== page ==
The Elephant Under the Rug: Denial and Failed Energy Projects
Thomas R. Blakeslee, Clearlight Foundation
At the World Renewable Energy Conference in
Glasgow I recently witnessed the strange phenomenon of group denial
first hand. After a paper about hydrogen-fueled cars, some embarrassing
questions were asked about the practicalities of storing and delivering
hydrogen to the cars. The questions were dismissed and the questioners
meekly backed down. I wanted to jump in and set them straight but
keenly felt the group pressure to not ruin the party. I couldn't do it!
is a strange phenomenon resulting from our deep genetic programming as
herd animals: If our peer group is ignoring the giant lump in the
living room rug, we will naturally imitate their behavior and walk
around the elephant hidden there. We tend to be drawn into a sort of
mass hallucination where everyone conforms to an unspoken agreement to
ignore the inconvenient but obvious truth. We walk around the lump
without consciously seeing it.
Group denial can be dangerous.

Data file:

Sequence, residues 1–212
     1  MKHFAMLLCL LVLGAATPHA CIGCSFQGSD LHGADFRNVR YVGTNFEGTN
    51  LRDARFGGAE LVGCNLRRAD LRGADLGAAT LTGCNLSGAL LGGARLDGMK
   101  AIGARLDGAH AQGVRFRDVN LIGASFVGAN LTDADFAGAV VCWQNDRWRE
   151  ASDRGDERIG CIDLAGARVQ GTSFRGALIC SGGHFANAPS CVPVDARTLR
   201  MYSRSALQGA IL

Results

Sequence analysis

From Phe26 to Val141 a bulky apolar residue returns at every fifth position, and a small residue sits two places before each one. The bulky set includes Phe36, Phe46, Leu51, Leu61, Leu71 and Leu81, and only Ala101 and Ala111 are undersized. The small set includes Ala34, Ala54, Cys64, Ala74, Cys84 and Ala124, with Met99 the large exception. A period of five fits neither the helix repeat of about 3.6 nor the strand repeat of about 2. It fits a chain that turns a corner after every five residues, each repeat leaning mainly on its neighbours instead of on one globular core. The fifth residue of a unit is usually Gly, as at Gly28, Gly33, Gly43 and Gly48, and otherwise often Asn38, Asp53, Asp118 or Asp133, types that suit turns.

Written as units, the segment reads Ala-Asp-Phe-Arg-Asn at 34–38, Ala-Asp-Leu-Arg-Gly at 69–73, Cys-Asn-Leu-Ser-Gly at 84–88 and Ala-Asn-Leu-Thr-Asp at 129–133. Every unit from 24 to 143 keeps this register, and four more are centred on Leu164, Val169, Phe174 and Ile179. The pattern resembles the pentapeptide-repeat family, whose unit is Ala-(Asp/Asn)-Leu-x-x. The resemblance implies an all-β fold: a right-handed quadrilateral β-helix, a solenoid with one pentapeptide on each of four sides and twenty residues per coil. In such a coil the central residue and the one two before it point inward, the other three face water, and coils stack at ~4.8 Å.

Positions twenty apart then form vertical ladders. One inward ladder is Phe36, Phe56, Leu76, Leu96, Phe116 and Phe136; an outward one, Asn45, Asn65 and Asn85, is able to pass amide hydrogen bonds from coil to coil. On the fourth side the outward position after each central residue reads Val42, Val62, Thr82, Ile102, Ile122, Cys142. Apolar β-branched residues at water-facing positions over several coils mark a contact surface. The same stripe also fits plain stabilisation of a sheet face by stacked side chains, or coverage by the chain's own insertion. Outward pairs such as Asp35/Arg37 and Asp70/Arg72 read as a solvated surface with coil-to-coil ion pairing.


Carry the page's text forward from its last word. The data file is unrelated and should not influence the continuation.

The housing bubble and the dotcom bubble are recent disastrous
examples. The loan officers, realtors, journalists, investment bankers
and regulators that caused the housing bubble were all blind to the
developing problem as they rationalized and convinced themselves that
every thing was OK. It is now painfully clear that they were
unconsciously caught up in a fantasy world of denial. When you're
making lots of money, it's natural to think that you must be brilliant.
Your peer group supports you and nobody wants to spoil the party. It's
not intentional, just human nature....
Full article: http://www.renewableenergyworld.com/rea/news/reinsider/story?id=53467